Winter comes… what a difference a day makes.

Nevada QSO Party Expedition

The county line. Photo credit Greg KG7D.
A few weeks ago, Greg KG7D, mentioned to me and Diana KJ7GVY that it was time to plan our expedition for the Nevada QSO Party. He is very organized (a good thing) and selected a potential campsite/radio operation site in eastern Nevada.

For those who do not know what a QSO party might be, here is an explanation. The Q-code, QSO, stands for a contact or conversation between to operators. It derives from the telegrapher’s shorthand. A QSO party occurs when a group of operators put together a plan for operations on the amateur radio bands with the intent of making many contacts, receiving points for each contact (depending on location and operation mode), and then competing for the most points collected over the party period.

This is similar to the radio contests but has a little less pressure associated with it. It is newbie-friendly in that regard. It is also an opportunity to practice radio operation and copy skills under varying conditions. These are good skills for radio operators for those times when normal communications are interrupted and amateur operators are called upon to pass traffic.

So we were headed east to the White Pine/Lincoln County line. Each contact we made was worth two because we were activating two Nevada counties. We were also operating in an area where there are not many amateur radio operators. We should have been rare DX (desirable contacts).

It took me a few days to prepare the camper, collect necessities and food, and gather/pack the equipment I would use.

I intended to go out to the area a couple weeks before all of us headed east to scout for a good campsite. But work kept me from my intention and we headed out blind.

We gathered at the staging area about 0600h on Thursday 10 October. After milling about a few minutes, we mounted up and headed east on U.S. Highway 50, America’s Loneliest Road. All of use have VHF radios in our vehicles, even if only handhelds connected to external antennas. So there was plenty of chatter as we drove east through the gathering light. There were no mishaps on the route out and we made a few stops to pay the rent on coffee and to take on fuel.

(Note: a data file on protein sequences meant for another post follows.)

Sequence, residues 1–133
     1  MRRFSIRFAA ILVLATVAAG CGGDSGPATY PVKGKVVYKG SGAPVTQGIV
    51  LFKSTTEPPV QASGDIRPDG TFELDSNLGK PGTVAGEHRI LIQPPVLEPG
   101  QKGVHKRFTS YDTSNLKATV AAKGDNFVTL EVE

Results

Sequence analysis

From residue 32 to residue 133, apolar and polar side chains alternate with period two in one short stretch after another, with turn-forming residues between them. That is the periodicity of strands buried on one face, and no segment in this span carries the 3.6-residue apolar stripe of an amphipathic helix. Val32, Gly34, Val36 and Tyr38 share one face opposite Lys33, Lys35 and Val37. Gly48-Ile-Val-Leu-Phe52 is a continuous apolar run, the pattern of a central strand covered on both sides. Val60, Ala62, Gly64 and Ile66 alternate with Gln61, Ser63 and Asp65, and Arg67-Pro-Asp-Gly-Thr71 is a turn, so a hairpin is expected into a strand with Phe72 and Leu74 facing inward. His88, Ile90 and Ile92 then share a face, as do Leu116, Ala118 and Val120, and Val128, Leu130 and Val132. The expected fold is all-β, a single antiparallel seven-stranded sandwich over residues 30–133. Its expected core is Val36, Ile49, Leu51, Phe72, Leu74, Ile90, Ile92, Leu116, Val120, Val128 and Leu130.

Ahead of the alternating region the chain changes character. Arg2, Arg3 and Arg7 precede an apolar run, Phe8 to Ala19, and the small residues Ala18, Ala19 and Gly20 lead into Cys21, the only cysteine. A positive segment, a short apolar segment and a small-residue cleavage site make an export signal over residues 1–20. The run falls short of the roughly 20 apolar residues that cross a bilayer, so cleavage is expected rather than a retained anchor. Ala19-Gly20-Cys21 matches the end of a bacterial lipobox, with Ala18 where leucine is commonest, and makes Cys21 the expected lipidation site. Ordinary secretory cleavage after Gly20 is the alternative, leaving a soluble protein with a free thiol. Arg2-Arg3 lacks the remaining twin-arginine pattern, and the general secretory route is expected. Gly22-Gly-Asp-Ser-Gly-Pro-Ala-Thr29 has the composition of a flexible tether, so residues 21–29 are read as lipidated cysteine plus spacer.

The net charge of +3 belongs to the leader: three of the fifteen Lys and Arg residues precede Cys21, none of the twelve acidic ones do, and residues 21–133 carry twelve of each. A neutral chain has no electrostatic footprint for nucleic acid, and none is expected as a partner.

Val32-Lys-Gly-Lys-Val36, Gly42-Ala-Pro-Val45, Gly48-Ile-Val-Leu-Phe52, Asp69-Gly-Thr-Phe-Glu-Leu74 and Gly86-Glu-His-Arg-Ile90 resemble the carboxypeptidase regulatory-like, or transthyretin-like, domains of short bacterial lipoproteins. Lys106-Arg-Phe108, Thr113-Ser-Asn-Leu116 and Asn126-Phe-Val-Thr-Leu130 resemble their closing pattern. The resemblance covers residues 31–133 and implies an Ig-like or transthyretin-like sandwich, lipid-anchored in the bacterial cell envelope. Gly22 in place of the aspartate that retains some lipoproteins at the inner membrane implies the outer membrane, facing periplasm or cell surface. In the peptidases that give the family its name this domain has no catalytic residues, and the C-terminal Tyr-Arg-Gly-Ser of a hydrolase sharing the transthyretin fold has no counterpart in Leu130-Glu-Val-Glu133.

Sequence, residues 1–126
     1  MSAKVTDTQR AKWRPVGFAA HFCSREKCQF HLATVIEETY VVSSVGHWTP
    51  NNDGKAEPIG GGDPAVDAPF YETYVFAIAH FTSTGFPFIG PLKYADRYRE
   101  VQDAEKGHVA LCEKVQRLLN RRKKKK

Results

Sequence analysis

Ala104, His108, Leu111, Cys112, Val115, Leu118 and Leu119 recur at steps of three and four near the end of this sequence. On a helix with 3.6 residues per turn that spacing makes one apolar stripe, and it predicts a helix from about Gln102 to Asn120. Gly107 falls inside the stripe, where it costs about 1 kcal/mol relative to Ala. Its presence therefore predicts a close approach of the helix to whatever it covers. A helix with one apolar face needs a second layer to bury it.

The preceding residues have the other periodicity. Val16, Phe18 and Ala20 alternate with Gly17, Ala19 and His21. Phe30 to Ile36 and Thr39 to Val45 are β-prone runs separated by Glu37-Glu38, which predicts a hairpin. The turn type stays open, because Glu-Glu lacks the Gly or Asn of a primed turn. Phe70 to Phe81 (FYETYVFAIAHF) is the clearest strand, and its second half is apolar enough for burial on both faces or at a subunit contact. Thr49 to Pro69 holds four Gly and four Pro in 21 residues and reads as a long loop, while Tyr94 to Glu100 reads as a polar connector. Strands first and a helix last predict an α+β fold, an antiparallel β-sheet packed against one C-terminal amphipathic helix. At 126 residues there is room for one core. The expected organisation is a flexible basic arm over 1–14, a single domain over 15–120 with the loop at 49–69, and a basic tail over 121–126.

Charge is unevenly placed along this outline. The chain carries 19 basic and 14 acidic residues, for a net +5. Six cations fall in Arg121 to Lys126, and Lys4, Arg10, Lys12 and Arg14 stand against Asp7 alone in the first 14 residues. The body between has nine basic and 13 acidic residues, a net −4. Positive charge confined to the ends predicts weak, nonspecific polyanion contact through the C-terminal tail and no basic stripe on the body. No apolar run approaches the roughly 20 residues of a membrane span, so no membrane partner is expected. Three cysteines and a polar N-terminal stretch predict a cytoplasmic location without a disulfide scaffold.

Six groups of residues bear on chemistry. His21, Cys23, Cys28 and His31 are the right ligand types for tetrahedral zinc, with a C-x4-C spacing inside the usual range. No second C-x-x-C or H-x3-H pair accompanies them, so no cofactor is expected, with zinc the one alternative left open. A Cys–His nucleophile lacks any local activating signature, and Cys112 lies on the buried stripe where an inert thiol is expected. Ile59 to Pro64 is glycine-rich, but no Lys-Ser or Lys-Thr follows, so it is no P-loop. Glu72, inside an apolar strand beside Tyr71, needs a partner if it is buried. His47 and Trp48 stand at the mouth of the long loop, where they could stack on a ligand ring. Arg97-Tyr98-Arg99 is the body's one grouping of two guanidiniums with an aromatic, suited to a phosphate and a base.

At Ely, Greg called, “ Do you know a good place to eat. We’ll stop at Love’s for fuel.”rdquo;

“Let me think a moment.” I spent some time in Ely a couple years ago and had a couple of places in mind. “There’s a Mexican place a half-mile before Love’s that is pretty good.”

“Is there parking for the trailers?””

“I think there is.” And we moved through Ely toward the east side of town. Sure enough, I called the location of the restaurant. Greg and Diana turned off into the residential area near the restaurant. I pulled ahead to the Ramada Inn and casino, found a large graveled area suitable for parking semi-trucks, and called out the location while I parked my rig.

All of us parked, we walked across the highway to the restaurant. It was as good as I recalled.

Fed and rested after the break, we remounted, drove to the fuel depot, and refueled the vehicles. We were then off to the east to find our way to the operating point. An hour later (and after some rough roads), we were at the White Pine/Lincoln County line. Unfortunately, the original location was not acceptable for camping. There was not enough room.

We sent Diana to scout a trail we saw that broke off the main road to the northeast. The topographic map on Greg’s GPS unit showed that the trail crossed the county line about a half-mile east from the original choice. After a few minutes, Diana called that the road was rough but passable and that there were reasonable campsites located in the pine and cedar trees. So Greg and I turned our rigs around and headed for the trail. A couple hundred yards in Greg suggested I move ahead and check the trail to be sure he could get his rig turned around. (He was driving a 1-ton Ford truck and pulling a toy hauler.)

I found a place where I thought he could get turned around, although it might take several moves and I found a place where I could park my camper. Greg came up the trail. I was right about the several moves. After a half hour of work, some clearing of brush, and many moves, he got his rig turned around and parked in a decent place.

The view from my campsite.

He helped me get my camper located and then walked back down the trail to set up his camp. It took me a few minutes to get myself situated. Subrina brought a level up to my site and I dug a small hole to level my rig side-to-side. I completed the leveling with the tongue jack. I had my rig setup in about a half-hour.

I walked down the trail to help Greg and Subrina with their campsite. Subrina worked inside while I helped Greg outside.

We nearly ran out of daylight before camp was setup. As the sun fell, the temperature fell rapidly as well. I think it was at freezing about the time the sun set.

Everyone was tired and ready to turn in. But we gathered at Greg/Subrina’s camp to share a meal and some fellowship before retiring for the day.

KG7D and KI7OAL working on their campsite.

Mexican Dam Color — Fall 2019

The fall colors are sure pretty these days.

The fall colors were sure pretty this year. A couple of days ago The Girl and I were walking the Mexican Ditch Trail along the Carson River. She enjoyed doing doggie-things and I enjoyed being outdoors and the fall color.

When I reached the Mexican Dam, I was treated to a combination of color and reflection. I was carrying the Fuji X-T1 with the Fujinon 27mm f/2.8 pancake lens. It’s a good combination.

Delete Me From the Group…

I recently joined a Groups.io list dealing with Elecraft KX3 radios. There is a bit of traffic on this list. One of the first messages that arrived in my list folder was:

Dear Admin… Please remove me from the group….I’m heading off to the land of silent keys soon and have sold all my ham gear.